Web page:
### Video Transcript

Each of the following is a unit of
distance. Which one is the largest? Is it (A) kilometer, (B) meter, (C)
light-year, (D) mile, or (E) millimeter?

Let’s start with options (A), (B),
and (E), each of which includes meter. Now, option (B) just says meter,
but (A) and (E) include the prefixes kilo- and milli-. It’ll be helpful to recall that the
prefix milli- means one thousandth, so a millimeter is one thousandth of a
meter. Another way to say this is that
there are 1000 millimeters in a meter. Since the millimeter isn’t as large
as the meter, we should eliminate option (E).

Moving on, the prefix kilo- means
1000, so one kilometer equals 1000 meters. Because the kilometer is larger
than the meter, we should eliminate option (B). The kilometer is a unit often used
in everyday life. For example, one kilometer is
roughly the length of a large suspension bridge that we might drive a car over.

Moving on, option (D) gives us
another unit that we might recognize from everyday life, the mile. Miles and kilometers are often used
in the same context because they’re of roughly the same magnitude. A mile is equal to about 1.6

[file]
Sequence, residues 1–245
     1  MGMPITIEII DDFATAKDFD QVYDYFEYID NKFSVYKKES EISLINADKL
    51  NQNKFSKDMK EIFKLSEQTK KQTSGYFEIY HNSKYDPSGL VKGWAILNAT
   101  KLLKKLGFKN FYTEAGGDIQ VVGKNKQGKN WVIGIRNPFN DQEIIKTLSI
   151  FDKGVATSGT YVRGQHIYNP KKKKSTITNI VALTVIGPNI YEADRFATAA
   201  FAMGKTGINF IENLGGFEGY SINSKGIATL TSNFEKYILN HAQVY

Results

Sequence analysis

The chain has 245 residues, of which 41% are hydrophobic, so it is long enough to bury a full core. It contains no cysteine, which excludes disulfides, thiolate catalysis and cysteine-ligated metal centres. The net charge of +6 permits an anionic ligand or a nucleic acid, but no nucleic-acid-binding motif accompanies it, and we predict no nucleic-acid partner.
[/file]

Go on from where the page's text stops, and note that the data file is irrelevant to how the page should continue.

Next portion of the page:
kilometers, so the mile is a little bit larger than a kilometer. Thus, we should eliminate option
(A).

Now, option (C), the light-year, is
a unit that we don’t really use in daily life. Rather, we use light-years when
we’re talking about space. That’s because this unit of
distance is incredibly large. Nothing that we interact with here
on Earth even comes close to being as large as a light-year. A light-year is defined as the
distance that a beam of light would travel in one year if nothing were in its
way.

It can be difficult to understand
how fast the speed of light truly is, so consider the following. When astronauts travel to the moon,
it takes about three days for their spacecraft to complete the journey from
Earth. In comparison, it takes light less
than two seconds to travel the same distance. So just how far can light travel
over the span of a whole year? That’s one light-year, or about six
trillion miles. Therefore, we know that the
light-year is the largest unit of distance listed here, so option (C) is
correct.